Bioavailability: Hacking your body for better health

Learn about bioavailability, which foods are a match made in nutrient heaven and how they help out your health.

Woman cooking with powerful food combinations in a rustic-inspired kitchen
Cooking foods for better nutrient absorption
  • Published: 8/15/2022
  • 4 min. read

Did you know that your body dictates which nutrients you can absorb - and that it changes over time? Bioavailability refers to the amount of a nutrient that gets absorbed and used by our bodies. This is influenced by our nutritional status, life's-stage, and which foods or nutrients we combine. Learn which foods are a match made in nutrient heaven and how they help out your health.

What is bioavailability? 

Bioavailability refers to the amount of a nutrient in a food or supplement absorbed and used by our bodies (1). This is influenced by many factors such as our age, how healthy we are, and what type of foods we eat. Eating certain foods together can influence how well our body uses them. It can be more helpful to eat whole foods with various nutrients, rather than a supplement.

Supplementing bioavailability

You can’t step into a grocery or drug store without being overwhelmed with the aisles stocked full of supplements. Isolated nutrients (think supplements) have gained a lot of attention as being the “cure” to deficiencies or to preventing disease. But some studies suggest that when a nutrient is isolated, such as vitamin C, it may not be as helpful as when it's found in a portion of food (2). 

It also depends on the quality of the supplement and the form of the vitamin or mineral. Different types are not absorbed well by our bodies. They can contain harmful ingredients. This is why it's always good to check with your doctor before trying one out. When a nutrient is found in whole foods, other nutrients can help up its absorption!

Perfect pairs 

Iron and vitamin C

Iron is important in order to help our body bring oxygen to all our cells. It’s found in both plant and animal foods however the type that’s found in animal foods, called heme iron, is typically absorbed a lot better than the plant type (3). In order to up absorption and prevent deficiencies such as anemia, pair plant-based iron with vitamin C. 

  • Iron: red meat, beans, nuts, broccoli, spinach, dried fruit.
  • Vitamin C: oranges, lemon, bell peppers, strawberries, broccoli.

Try a spinach salad with orange slices! 

Vitamin D and calcium 

Calcium is a mineral that helps keep our bones strong, muscles contracting, and heart beating (4). Vitamin D is a vitamin that helps reduce inflammation and boost brain health. It also plays a vital role in protecting our bones. Without enough vitamin D, we can't absorb calcium (5).

  • Vitamin D: salmon, fortified milk, mushrooms, sunlight. 
  • Calcium: green leafy vegetables, dairy foods, fish with bones (sardines), fortified dairy alternatives (soy milk, almond milk).

Cook up a quick salmon stir fry with bok choy.

Vitamin A and lycopene with healthy fats 

Vitamin A is essential for good vision and immunity. It’s a fat-soluble vitamin, meaning that we need to eat dietary fat in order for our bodies to absorb it. Lycopene is related to vitamin A. It’s an antioxidant that has been suggested to decrease the risk of certain types of cancer (6). The bioavailability of lycopene skyrockets with healthy fats. It also increases when cooked - think classic tomato sauce!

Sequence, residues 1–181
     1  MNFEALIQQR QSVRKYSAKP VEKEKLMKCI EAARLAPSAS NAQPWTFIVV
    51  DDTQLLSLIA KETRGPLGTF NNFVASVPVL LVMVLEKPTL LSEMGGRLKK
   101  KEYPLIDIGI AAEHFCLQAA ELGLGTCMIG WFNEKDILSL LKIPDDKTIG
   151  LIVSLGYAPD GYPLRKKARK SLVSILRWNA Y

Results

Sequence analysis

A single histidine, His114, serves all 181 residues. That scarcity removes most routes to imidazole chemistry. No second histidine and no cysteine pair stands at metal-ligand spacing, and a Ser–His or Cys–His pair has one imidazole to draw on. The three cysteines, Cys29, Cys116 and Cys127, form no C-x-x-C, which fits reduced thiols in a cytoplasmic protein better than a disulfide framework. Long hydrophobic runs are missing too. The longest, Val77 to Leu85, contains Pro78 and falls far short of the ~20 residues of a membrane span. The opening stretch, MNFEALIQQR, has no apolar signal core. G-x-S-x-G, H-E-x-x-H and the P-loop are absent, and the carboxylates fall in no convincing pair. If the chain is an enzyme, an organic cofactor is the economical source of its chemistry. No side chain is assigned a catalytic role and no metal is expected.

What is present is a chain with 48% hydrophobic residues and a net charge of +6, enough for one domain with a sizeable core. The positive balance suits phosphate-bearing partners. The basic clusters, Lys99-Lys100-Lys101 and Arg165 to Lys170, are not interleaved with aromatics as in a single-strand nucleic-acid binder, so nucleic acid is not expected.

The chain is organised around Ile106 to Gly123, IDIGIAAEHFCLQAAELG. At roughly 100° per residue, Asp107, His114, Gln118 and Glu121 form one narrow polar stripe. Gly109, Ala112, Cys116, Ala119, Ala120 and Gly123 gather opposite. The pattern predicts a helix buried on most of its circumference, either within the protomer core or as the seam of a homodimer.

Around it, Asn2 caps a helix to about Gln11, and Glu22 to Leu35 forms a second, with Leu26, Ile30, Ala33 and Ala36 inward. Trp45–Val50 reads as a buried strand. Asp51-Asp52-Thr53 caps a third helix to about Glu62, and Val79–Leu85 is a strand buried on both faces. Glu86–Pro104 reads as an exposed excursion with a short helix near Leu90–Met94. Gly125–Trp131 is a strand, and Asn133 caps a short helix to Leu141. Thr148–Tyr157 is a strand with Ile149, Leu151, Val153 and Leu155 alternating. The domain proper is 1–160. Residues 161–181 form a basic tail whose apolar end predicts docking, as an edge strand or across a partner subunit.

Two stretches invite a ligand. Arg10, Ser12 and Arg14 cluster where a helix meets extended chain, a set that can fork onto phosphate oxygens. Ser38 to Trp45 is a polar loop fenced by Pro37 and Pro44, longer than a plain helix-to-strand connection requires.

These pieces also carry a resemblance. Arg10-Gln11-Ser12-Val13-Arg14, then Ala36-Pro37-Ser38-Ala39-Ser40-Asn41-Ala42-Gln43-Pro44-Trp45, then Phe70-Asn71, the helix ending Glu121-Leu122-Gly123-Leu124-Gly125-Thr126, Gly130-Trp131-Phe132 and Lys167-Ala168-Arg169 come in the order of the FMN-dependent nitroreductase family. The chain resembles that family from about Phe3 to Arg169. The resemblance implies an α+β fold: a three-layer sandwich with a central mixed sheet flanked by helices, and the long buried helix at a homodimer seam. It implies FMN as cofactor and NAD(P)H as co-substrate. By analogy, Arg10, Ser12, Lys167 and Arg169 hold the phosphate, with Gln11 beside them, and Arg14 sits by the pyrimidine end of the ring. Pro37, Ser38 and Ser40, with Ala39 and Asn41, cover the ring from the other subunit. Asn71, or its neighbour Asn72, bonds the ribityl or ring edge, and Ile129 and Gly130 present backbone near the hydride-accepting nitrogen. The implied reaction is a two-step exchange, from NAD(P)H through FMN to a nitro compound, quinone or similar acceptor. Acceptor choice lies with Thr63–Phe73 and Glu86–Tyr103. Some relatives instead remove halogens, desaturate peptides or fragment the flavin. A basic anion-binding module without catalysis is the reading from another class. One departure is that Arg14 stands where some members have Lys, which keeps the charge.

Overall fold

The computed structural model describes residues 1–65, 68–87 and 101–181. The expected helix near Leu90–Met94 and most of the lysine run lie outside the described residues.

• Vitamin A: cheese, liver, salmon, egg, squash, bell peppers, tomato.
  • Lycopene: tomatoes, watermelon, guava, grapefruit, bell peppers.

Enjoy some guacamole with chopped tomatoes. Or this delicious Lifesum recipe...

Synergistic recipe: bean pasta with red pepper sauce 

This Lifesum recipe spin on the classic pasta with tomato sauce is a match made in synergistic nutrient heaven. The vitamin C from the peppers pairs with the iron from the beans in the pasta. Lycopene from bell peppers is absorbed more readily with olive oil and cooking. If you want to go all the way and include a calcium and vitamin D combo, simply throw in some sliced mushrooms for vitamin D!

Ingredients:

  • 2 red peppers
  • 1 can boiled white beans 15oz / 380g
  • 3 tbsp olive oil
  • 1 garlic clove
  • 3 tbsp nutritional yeast
  • 1 tsp salt
  • 1/4 tsp black pepper
  • 7oz / 200g bean pasta
  • 1/4 cup / 30g chopped parsley

Instructions:

  1. Set the oven to 475F / 250C
  2. Cut the stems off of the red peppers with a pairing knife and cut them in half. Scoop out all the seeds and membranes.
  3. Place the peppers cut-side down on a rimmed baking sheet that has been lined with parchment paper. Grill them in the oven until they char completely. Place them in a plastic bag and allow them to cool. Pull off the skin.
  4. Pour off the water and rinse the beans. Blend all of the ingredients together in a food processor into a smooth paste
  5. Add salt and black pepper
  6. Cook the pasta as instructed on the package. Serve the pasta with sauce and parsley.

All of the content and media on Lifesum is created and published for information purposes only. It is not intended to be used as a substitute for medical advice or treatment. Users should always consult with a doctor or other health care professional for medical advice.

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All of the content and media on Lifesum is created and published for information purposes only. It is not intended to be used as a substitute for medical advice or treatment. Users should always consult with a doctor or other health care professional for medical advice. If you have or think you are at risk of developing an eating disorder, do not use the Lifesum app and seek immediate medical help.

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